Don't judge the pain for discretionary spends on Nov data: executive VP, UTI Mutual Fund

Swati Kulkarni
SWATI KULKARNI, executive vice-president at UTI Mutual Fund, says it is too early to judge the impact of note ban. "We need to wait till end-December," she tells Hamsini Karthik. Kulkarni believes volatility in markets would remain high, given their increased correlation with global stocks and uncertainties in other parts of the world. Excerpts:

 

The central bank surprised the markets by not lowering the benchmark borrowing rate for banks. How do you read this?

 

As a monetary tool, the interest rate cut can be more effective after the near-term effects of cash crunch stabilise. From this perspective, I think keeping that ammunition for later months may actually be more effective to boost economic growth; by that time, more data would be available.

 

How much will note ban change things in the short term and how much change would be structural? 

 

The expectation before note ban was that a good monsoon and pay commission rollout should aid economic recovery. The liquidity crunch due to note ban will push this recovery expectation to FY18. Though some measures have been taken to minimise the impact, with the large size of currency in circulation and the fact that it will be a while before the informal economy transits into the formal economy, it will definitely disrupt growth in the near term.

 

For sectors like consumer discretionary, the impact will be short term, more to do with postponing demand. For real estate and related sectors such as financing, the impact could be lingering and the pain more long term; the real estate market in the current form is opaque. Companies that lent against property will be affected, as the loan-to-value ratio will worsen with the likely fall in property prices and deals might not happen unless it's a distress sale. However, the likely price correction and fall in interest rates could bring back demand over the medium to long term.

 

What recovery is expected for discretionary spending? 

 

Don't judge the pain here based on November numbers. For automobile companies, bookings on the wait list would have helped November sales. December could be tough, though things would start to improve by January.

 

However, FY17 net profit recovery expected in the second half of the financial year now appears to have got pushed ahead, though it provides a favourable base for FY18 growth. Downward revision to net profit estimates had reduced to 1-1.5 per cent in the past two quarters. Now, we will get into a scenario where predicting numbers would be an issue in the near term. So, I expect net profit downgrades to increase for FY17.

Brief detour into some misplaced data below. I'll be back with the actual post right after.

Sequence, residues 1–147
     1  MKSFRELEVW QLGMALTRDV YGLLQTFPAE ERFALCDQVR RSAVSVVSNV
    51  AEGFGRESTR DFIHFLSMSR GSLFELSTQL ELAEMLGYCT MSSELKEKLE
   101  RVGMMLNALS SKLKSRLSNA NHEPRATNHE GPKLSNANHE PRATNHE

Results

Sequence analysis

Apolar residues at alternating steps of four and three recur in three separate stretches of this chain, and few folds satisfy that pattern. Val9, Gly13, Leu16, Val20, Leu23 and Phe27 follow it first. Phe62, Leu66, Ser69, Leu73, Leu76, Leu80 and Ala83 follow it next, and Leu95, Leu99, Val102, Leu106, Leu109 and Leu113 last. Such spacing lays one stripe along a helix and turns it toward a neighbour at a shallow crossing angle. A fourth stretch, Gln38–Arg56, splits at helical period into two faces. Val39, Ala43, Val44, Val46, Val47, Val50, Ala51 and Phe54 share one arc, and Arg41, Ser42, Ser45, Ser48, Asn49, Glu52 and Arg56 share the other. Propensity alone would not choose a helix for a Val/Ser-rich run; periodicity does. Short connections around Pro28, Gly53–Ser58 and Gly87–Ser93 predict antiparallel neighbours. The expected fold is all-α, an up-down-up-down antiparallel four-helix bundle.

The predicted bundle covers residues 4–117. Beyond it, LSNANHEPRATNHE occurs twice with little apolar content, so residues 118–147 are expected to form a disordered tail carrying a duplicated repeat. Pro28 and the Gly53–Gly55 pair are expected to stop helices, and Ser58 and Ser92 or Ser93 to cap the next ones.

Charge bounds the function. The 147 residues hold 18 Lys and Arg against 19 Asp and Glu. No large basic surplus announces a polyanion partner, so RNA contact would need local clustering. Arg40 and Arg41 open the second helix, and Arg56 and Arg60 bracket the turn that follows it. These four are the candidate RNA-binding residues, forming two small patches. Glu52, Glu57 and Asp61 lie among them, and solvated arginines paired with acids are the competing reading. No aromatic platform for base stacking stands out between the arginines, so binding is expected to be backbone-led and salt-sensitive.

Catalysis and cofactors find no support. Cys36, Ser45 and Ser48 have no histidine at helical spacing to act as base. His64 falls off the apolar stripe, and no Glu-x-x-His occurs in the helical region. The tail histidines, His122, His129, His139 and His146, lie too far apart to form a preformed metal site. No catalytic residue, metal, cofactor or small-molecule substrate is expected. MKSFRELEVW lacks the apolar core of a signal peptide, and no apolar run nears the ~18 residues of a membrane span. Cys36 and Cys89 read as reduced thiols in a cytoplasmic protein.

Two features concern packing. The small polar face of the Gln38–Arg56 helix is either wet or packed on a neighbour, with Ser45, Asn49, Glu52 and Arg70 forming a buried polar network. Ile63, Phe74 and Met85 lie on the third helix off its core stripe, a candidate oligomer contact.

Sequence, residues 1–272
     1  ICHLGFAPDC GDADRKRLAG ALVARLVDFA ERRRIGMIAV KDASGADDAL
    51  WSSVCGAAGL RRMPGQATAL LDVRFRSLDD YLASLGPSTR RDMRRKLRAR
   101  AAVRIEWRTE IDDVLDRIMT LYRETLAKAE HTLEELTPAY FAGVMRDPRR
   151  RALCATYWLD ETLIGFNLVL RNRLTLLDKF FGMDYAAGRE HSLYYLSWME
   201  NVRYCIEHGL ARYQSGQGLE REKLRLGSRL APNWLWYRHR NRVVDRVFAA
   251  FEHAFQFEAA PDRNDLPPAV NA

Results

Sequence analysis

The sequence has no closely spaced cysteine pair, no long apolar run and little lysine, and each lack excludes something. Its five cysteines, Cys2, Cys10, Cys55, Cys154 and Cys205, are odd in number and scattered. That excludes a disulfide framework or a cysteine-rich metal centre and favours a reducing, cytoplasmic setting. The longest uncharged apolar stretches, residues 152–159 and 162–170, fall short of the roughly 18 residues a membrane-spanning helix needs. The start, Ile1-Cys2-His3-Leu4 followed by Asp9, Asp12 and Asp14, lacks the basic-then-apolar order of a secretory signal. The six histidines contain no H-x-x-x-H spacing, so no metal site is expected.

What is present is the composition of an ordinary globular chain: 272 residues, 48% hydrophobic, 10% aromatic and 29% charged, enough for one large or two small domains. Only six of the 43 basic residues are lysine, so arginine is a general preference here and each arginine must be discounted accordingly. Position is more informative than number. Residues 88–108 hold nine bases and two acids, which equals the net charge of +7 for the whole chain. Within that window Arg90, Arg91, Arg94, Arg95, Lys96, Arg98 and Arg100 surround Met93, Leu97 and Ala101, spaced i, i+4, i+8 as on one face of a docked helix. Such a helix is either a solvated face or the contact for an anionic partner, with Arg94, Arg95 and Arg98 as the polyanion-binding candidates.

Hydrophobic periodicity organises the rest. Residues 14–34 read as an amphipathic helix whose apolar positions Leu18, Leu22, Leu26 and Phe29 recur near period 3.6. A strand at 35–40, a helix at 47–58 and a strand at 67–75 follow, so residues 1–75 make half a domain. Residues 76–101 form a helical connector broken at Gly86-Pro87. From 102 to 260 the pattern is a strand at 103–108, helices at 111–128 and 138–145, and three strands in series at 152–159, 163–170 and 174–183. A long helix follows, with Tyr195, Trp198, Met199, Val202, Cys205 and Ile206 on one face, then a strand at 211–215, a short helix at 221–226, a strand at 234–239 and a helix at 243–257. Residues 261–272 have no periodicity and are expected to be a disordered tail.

How are you rebalancing your portfolio after note ban? 

 

My portfolios were directed towards cyclical recovery. I was overweight on automobiles, cement, banks - particularly private sector banks and non-banking financial companies, and some construction stocks. I was neutral on information technology (IT) but that's changing. Large IT companies are available at less than 15 times their PE (price to earnings or net profit ratio) and that is comforting. The domestic cyclical orientation is getting moderated by an increase in allocation to IT for my portfolios as domestic recovery is slightly pushed. In a scenario where certain segments like consumer durables are quoted at a far higher valuation and growth is moderated, IT looks attractive. In certain pockets, not necessarily due to note ban, where valuations weren't justifying growth expectations like a few corporate private banks and cement stocks, there has been a reduction in exposure. I am still not sure about the metals sector -— how much it would benefit from the likely infrastructure thrust of the US. We are positive on the gas side of the energy segment.   

 

There are a lot of global uncertainties.

 

Yes. After the US election outcome, the uncertainties around trade with the US and around the pace of the US Federal Reserve rate increase have led to a selloff across emerging markets (EMs). Polices in China are also unclear. EMs, including India, have seen significant outflow in the past one month as investors shift to developed markets to avoid risk. So, the market correction is not only due to note ban.

 

India has some advantages in these uncertainties, such as long-term domestic demand potential, skilled labour, engineering skills, and lower dependence on exports. So, as risk-taking sets in, India will surely attract flows. Despite that, volatility is expected to remain high in the coming months. Normalcy returning in six months doesn't wash away volatility from the markets, as their correlation to global stocks has gone up quite a lot.


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